Indian entertainment sector loses Rs 16,000 crores to piracy

MUMBAI: The Indian entertainment industry loses a whopping Rs 16,000 crores to piracy every year.

The US-India Business Council (USIBC) released a study showing huge job and revenue losses to the Indian economy as a result of piracy in India’s burgeoning entertainment industry.

The study – ‘The Effects of Counterfeiting and Piracy on India’s Entertainment Industry’ – prepared for USIBC by Ernst & Young India, shows as much as Rs 16,000 crores is lost each year due to piracy. As many as 800,000 direct jobs are also lost as a result of theft and piracy, afflicting India’s entertainment industry.

Speaking at FICCI FRAMES USIBC president Ron Somers said, "This study estimates that the Indian entertainment industry loses some 820,000 jobs and about $4 billion each year to piracy. This is an enormous and unacceptable magnitude of loss – by any measure."

The piracy study was commissioned as part of the USIBC-FICCI Bollywood-Hollywood Initiative. "This study covers film, music, television and video games and has been funded by the Global Intellectual Property Center of the US Chamber of Commerce, which aims to highlight the value of intellectual property, as well as illuminate the adverse impact theft and piracy have on creativity and innovation. The Bollywood-Hollywood Initiative promotes the sustainable growth and convergence underway between the entertainment industries in both our countries."

FICCI secretary general Dr. Amit Mitra said, "This study shows that the best way to make the boom in the Indian entertainment bigger is to stop the affliction of piracy. For the average Indian who wants to increase his or her chances for being employed in Bollywood and associated industries, fighting piracy is a place where all our collective efforts must start."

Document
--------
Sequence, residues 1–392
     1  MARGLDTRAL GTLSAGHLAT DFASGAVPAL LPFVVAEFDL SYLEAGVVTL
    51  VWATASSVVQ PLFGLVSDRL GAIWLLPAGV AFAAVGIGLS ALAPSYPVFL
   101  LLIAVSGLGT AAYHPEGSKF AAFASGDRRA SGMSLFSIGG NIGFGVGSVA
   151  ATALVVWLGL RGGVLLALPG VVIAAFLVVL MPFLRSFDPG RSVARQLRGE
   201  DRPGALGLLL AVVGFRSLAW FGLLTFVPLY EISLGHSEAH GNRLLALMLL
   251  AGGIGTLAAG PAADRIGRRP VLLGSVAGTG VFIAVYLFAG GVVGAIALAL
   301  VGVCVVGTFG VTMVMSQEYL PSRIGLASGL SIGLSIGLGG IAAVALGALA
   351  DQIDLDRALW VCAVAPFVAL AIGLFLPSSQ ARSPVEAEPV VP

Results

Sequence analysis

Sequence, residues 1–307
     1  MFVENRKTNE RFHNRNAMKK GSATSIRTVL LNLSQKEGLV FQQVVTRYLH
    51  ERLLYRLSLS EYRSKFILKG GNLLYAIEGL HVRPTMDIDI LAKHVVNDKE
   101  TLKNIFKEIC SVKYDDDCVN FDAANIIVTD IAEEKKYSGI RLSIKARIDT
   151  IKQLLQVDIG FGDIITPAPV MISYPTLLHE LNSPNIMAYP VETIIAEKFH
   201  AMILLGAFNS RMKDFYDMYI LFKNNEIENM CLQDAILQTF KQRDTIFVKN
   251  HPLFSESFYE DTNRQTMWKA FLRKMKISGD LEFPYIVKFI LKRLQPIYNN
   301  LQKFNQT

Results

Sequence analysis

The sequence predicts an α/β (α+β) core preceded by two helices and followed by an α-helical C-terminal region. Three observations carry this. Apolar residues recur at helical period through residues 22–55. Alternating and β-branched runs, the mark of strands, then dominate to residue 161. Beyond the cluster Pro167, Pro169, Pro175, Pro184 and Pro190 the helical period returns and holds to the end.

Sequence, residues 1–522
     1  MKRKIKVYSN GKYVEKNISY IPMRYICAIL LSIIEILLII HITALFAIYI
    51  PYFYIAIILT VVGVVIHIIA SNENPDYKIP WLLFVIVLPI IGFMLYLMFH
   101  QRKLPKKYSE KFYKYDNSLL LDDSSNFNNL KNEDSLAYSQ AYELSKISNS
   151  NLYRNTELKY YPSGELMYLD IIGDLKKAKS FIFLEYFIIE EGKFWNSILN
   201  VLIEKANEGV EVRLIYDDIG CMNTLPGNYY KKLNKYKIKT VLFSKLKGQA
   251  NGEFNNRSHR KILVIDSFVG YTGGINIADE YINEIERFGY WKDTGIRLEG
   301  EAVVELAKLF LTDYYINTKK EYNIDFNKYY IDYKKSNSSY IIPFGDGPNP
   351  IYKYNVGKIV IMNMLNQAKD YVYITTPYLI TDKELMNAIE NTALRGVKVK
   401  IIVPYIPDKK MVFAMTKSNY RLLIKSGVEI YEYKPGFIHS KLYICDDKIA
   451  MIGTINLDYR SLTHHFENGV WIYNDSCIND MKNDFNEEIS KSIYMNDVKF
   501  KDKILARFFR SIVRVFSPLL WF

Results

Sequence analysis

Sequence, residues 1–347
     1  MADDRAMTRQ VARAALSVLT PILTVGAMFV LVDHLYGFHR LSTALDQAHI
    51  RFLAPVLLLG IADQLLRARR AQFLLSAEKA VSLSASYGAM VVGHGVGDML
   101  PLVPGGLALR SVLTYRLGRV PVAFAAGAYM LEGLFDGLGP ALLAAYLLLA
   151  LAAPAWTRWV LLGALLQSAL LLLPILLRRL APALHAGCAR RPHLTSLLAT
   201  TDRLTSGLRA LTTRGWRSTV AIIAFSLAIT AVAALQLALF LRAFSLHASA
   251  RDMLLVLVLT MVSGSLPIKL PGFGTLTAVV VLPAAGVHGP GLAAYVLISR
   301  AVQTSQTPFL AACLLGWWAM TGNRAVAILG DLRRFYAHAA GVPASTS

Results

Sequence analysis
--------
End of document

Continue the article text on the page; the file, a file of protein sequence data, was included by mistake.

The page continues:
Mitra added, "The Media and Entertainment industry in India is an industry of the future. India’s entertainment industry already generates more than $11 billion annually for the country, growing at a combined annual rate of over 18 per cent. If we can stop piracy, these industries will grow even faster and employ more Indian workers."

Filmmaker Ramesh Sippy added, "I know first hand the importance of fighting piracy to support the growth of Bollywood. I commend the USIBC-FICCI Initiative for enlisting all elements of the entertainment industry against piracy."

Ernst & Young India national sector leader, media and entertainment Farokh T. Balsara said, "Our Mumbai office collected data for this study from on the ground – via direct interviews with stakeholders from the Bollywood entertainment industry. We looked at the industry from every angle – films, music, TV, radio, and electronic games. The story was the same across the board: if we can slow or stop piracy, a direct correlation in the generation of wealth and employment will be the result."

Somers added, "This study is only the beginning. Now that we have documented the job and revenue losses to the Indian entertainment industry from piracy, we intend to continue fighting piracy across the board. We will strive to bring these findings to the attention of the average person in India. We will attempt to enlist more effectively the US and Indian governments to cooperate in fighting the scourge of piracy in India, as well as in the US and worldwide. We strongly support passage by India of optical disc legislation that will thwart piracy in this important industry. We are pleased to stand shoulder to shoulder with counterparts in India to help protect jobs and revenues that are now being needlessly lost to piracy."

Also previewed at FICCI FRAMES as a part of the Bollywood-Hollywood Initiative was ‘Illicit – The Dark Trade’ – a special documentary that airs world-wide, produced by National Geographic for the U.S. Chamber of Commerce’s Global Intellectual Property Center. This made-for-television documentary shows that the problem of piracy is an epidemic affecting many sectors of world-wide dimensions.